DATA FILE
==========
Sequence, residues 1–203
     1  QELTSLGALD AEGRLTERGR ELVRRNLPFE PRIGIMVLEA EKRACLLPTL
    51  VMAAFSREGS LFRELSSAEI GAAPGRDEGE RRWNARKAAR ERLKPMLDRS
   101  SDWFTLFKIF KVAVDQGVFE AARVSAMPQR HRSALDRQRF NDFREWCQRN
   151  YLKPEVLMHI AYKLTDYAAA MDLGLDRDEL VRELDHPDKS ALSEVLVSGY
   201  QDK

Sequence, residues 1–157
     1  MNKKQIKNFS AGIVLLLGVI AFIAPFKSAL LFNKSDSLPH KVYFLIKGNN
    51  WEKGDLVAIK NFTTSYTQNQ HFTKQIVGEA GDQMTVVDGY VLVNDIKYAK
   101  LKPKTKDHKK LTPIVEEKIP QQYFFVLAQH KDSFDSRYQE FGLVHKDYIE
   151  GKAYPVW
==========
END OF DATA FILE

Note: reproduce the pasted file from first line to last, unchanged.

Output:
Sequence, residues 1–203
     1  QELTSLGALD AEGRLTERGR ELVRRNLPFE PRIGIMVLEA EKRACLLPTL
    51  VMAAFSREGS LFRELSSAEI GAAPGRDEGE RRWNARKAAR ERLKPMLDRS
   101  SDWFTLFKIF KVAVDQGVFE AARVSAMPQR HRSALDRQRF NDFREWCQRN
   151  YLKPEVLMHI AYKLTDYAAA MDLGLDRDEL VRELDHPDKS ALSEVLVSGY
   201  QDK

Sequence, residues 1–157
     1  MNKKQIKNFS AGIVLLLGVI AFIAPFKSAL LFNKSDSLPH KVYFLIKGNN
    51  WEKGDLVAIK NFTTSYTQNQ HFTKQIVGEA GDQMTVVDGY VLVNDIKYAK
   101  LKPKTKDHKK LTPIVEEKIP QQYFFVLAQH KDSFDSRYQE FGLVHKDYIE
   151  GKAYPVW